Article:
“As we have established through this pandemic this virus does not respect state borders or holiday plans, it creates real havoc with the best-laid plans of Victorians and Australians.”

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Australian News

15 rifles stolen from NSW home

More than a dozen rifles have been stolen from a home in the NSW Central Tablelands.

Police are calling on the general public to help provide any information after the 15 guns were taken from the Hartley Vale property.

The rifles were stolen during a break and enter from the Pitts Road home between 5pm on December 29 and 5pm on December 31, 2020.

An investigation has been launched.

Any witnesses or motorists with CCTV or dashcam footage are asked to come forward and contact Crime Stoppers 1800 333 000 or go online.

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Australian News

Federal Gippsland MP Darren Chester calls on Victorian authorities to get residents in NSW home

Federal Gippsland MP Darren Chester has urged Victorian authorities to show compassion and get residents stuck in NSW home.

The Nationals minister on Monday told Sky News that the “chaotic” snap border closure between the two states on January 1 should not have occurred.

“If I had my way those border closures would not have happened, but I can’t make premiers do something they don’t want to do,” Mr Chester said.

“I’d be urging the Victorian health authorities to show some compassion here to work with these people who did nothing wrong.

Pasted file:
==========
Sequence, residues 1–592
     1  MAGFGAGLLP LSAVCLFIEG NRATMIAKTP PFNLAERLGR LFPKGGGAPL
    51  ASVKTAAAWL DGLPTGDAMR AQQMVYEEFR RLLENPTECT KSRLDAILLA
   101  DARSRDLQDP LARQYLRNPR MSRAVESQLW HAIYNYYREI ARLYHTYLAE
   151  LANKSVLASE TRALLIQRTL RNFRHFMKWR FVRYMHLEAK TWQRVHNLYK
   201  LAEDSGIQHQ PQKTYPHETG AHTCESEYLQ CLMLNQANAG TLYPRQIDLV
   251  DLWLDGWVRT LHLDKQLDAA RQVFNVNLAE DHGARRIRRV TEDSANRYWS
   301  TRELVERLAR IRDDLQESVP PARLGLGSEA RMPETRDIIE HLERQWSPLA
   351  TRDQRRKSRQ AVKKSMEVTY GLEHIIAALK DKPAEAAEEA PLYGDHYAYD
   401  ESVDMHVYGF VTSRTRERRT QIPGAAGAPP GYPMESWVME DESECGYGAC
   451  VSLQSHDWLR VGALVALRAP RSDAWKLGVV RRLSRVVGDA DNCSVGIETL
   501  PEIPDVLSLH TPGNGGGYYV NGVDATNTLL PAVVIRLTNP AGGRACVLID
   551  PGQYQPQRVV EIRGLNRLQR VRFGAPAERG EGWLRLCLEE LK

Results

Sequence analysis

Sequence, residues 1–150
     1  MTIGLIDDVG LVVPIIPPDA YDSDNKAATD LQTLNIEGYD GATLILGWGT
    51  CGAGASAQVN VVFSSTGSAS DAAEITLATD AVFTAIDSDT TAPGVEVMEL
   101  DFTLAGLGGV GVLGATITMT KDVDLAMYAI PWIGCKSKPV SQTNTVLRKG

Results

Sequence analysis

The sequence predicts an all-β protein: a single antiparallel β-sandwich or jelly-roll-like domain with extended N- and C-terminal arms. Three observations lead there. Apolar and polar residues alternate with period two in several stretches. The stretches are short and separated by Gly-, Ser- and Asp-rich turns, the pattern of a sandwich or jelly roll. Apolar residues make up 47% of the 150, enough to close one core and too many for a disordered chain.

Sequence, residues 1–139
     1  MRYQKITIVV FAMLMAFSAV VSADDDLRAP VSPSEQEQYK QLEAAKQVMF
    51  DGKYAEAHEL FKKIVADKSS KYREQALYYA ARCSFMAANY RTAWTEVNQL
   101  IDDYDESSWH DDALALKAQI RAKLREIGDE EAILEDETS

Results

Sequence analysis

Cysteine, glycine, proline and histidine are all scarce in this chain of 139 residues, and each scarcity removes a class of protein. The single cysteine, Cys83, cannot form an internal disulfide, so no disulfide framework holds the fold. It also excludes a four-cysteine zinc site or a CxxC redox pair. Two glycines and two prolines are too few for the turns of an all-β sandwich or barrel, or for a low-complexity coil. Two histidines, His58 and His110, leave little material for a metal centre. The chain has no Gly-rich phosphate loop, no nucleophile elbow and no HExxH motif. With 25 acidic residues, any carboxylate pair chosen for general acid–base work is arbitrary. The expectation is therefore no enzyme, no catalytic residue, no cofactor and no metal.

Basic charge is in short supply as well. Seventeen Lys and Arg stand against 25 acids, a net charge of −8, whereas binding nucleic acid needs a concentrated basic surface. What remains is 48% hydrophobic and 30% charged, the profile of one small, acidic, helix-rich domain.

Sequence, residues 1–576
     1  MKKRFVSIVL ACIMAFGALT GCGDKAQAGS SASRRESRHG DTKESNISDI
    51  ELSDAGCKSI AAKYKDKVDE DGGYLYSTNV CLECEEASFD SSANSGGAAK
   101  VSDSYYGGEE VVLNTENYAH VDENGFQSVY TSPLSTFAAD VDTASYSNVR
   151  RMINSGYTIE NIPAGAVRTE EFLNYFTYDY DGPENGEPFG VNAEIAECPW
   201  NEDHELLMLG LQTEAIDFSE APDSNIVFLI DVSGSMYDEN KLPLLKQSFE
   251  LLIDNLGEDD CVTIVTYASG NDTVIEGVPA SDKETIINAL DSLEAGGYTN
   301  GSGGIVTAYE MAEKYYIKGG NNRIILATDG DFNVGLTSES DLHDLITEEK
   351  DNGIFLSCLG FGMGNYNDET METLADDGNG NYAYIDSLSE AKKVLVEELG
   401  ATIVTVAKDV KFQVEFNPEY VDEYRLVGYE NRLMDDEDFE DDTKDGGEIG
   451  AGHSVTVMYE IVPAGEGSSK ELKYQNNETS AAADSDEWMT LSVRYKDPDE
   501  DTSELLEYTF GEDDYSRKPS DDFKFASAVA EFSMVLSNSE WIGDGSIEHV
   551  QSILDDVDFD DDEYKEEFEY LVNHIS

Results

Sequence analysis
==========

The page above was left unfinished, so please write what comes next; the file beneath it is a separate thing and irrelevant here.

“Don’t blame them for going on a holiday when they’ve been locked up for months … you find a way to get them home.”

Victorians who did not make it back across the border before it closed have been left in limbo after being told they were only able to return to the state with a “rare” exemption – granted for limited reasons – or if they were a permitted worker.

But Mr Chester said Victorians stranded in NSW should be able to get a COVID-19 test and quarantine in their own homes.

He also defended the federal government’s decision not to get involved in the latest border woes.

“It’s a bit unfair to be blaming the federal government for decisions made by the states which have a direct impact on people’s lives and their livelihoods,” Mr Chester said.

“The Prime Minister can’t stop the states from acting within their constitutional rights.”

Scott Morrison has rejected calls for an urgent national cabinet meeting to be held, saying the next one was scheduled for February.

But the tourism industry is the latest group to join Labor in demanding a national approach to border policies.

Opposition Leader Anthony Albanese accused Mr Morrison of lacking leadership.

“Scott Morrison has shown consistently that he’s a follower … he waits for others to make decisions and lead and then makes a decision over whether to support it or criticise it,” Mr Albanese said.

“It would be far preferable if we had some form of national co-ordination and national leadership of these issues.”

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Australian News